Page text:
However, there is still some way to go with certain forms of the disease such as neuroblastoma (67% five year survival) and medulloblastoma (64% five year survival).
Surviving does not mean that children are completely free of illness. Even 30 years after their diagnosis, 40% of survivors were affected by severe or life-threatening conditions, or had died due to a chronic health condition.
Professor Peter Johnson, Cancer Research UK’s chief clinician, said the charity is funding a range of trials to develop new treatments for cancers where there are currently few treatment options, such as aggressive neuroblastoma.
“We hope these efforts will mean there are even more childhood cancer survivors in the UK in the years to come,” he said.
Health tourists are ‘leapfrogging’ legitimate NHS patients awaiting surgery
Cancer surgery for legitimate NHS patients is being cancelled to make way for health tourists, it has been claimed.
Under NHS rules any patient urgently referred by a GP for cancer surgery must receive treatment within 62 days, but health tourists about to breach the 62-day rule are leapfrogging rightful sufferers awaiting surgery.
Professor J Merion Thomas of London’s Royal Marsden Hospital told MPs that even if he knew a patient was ineligible he could not declare this because of the duty of confidentiality.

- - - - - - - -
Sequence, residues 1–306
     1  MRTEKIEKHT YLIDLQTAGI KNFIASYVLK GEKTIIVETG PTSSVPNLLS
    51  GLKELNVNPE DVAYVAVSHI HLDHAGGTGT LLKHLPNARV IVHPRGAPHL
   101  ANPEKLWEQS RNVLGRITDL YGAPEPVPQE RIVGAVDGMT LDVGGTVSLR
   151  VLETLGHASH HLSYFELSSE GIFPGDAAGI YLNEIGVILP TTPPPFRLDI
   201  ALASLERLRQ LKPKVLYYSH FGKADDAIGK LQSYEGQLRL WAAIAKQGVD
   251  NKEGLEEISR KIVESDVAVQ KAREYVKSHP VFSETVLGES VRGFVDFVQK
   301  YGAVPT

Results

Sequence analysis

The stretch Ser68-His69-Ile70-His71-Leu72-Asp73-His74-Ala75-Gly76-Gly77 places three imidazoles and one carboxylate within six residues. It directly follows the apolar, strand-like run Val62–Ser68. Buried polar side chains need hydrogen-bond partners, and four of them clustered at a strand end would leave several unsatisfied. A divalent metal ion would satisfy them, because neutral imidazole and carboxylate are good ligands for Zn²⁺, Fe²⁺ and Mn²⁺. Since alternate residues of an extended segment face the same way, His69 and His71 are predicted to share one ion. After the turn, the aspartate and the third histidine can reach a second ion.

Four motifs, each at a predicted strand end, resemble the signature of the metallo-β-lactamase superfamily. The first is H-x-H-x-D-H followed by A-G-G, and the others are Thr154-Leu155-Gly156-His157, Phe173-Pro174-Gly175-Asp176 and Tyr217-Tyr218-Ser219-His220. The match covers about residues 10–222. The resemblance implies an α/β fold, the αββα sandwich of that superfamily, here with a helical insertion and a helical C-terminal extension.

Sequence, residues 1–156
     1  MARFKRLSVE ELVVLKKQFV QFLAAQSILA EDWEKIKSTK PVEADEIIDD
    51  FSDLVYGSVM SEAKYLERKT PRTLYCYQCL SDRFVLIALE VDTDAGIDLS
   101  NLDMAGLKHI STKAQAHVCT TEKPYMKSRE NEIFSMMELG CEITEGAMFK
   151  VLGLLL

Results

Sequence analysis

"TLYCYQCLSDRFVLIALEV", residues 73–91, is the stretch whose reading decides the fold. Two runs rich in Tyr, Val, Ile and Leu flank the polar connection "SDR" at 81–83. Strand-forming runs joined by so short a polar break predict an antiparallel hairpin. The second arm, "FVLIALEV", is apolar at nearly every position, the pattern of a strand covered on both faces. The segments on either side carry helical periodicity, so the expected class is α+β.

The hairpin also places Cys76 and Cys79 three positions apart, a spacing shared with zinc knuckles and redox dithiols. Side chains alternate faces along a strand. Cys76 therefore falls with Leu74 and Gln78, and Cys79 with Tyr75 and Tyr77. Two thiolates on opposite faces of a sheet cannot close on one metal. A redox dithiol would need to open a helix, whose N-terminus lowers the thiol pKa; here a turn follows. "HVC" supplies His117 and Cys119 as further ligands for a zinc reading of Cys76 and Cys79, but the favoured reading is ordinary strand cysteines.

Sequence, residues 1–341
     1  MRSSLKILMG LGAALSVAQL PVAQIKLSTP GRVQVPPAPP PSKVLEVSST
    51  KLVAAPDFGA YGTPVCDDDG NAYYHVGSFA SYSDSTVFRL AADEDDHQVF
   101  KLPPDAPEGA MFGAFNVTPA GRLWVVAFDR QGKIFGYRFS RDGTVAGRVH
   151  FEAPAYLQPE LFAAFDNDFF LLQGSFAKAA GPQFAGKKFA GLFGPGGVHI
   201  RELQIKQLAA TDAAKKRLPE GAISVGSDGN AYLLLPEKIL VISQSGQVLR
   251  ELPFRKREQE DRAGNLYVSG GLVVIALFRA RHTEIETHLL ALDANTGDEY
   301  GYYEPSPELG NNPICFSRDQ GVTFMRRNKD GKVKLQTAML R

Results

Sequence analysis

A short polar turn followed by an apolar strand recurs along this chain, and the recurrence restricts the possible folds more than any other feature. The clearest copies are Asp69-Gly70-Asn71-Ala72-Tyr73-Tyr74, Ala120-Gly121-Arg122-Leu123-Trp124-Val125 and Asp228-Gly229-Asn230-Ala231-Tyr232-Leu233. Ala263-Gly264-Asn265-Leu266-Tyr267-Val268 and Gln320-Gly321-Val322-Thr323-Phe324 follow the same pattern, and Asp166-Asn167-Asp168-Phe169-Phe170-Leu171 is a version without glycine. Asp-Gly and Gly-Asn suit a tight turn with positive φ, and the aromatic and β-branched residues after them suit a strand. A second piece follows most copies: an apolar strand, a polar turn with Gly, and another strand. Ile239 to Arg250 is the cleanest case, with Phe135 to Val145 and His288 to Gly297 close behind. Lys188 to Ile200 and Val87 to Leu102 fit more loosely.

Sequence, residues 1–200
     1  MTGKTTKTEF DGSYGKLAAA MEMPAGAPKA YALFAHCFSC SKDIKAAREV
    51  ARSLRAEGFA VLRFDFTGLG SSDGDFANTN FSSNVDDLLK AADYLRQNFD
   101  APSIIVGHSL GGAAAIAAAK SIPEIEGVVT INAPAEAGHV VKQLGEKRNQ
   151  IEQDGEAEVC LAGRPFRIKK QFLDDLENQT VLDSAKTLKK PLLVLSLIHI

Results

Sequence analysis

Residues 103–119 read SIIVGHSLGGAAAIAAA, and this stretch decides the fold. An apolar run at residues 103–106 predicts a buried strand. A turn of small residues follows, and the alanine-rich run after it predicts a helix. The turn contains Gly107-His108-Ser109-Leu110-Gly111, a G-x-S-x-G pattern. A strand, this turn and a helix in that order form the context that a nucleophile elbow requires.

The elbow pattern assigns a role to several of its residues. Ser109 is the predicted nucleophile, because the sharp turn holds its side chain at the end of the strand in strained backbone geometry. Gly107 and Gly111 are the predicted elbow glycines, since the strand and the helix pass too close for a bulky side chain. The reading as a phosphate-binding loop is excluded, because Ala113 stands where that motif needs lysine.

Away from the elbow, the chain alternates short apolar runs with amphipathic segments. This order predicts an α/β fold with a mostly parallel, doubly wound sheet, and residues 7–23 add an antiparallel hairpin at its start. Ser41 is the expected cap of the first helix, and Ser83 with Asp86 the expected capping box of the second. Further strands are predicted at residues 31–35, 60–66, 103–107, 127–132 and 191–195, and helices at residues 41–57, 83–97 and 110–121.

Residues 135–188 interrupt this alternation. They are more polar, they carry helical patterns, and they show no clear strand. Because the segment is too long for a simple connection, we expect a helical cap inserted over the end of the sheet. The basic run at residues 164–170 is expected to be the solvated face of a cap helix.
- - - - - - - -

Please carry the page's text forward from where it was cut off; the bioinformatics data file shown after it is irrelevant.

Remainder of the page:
“Sometimes I have to cancel a genuine patient to allow a tourist to come through. That really, really bothers me. I know exactly what happens then. They do not attend follow-up appointments. Why? Because they have gone back to wherever they have come from. It really happens so often, weekly I would say,” Thomas said.
Jacqueline Bishop, co-chairman of the NHS Overseas Visitors Advisory Group, said “hospital surfers” switch between locations for treatment to keep costs below the £1,000 threshold at which debt must be reported to the Department of Health.
With the current system of charging overseas visitors so complicated, Bishop said most hospitals were reluctant to identify health tourists because it would leave them out of pocket.
“Every overseas visitor whom I identify I cannot charge the clinical commissioning group for. We therefore have two choices: get it off the patient or write it off. There are NHS trusts out there that do not identify overseas visitors because it is not in their best interests,” she said.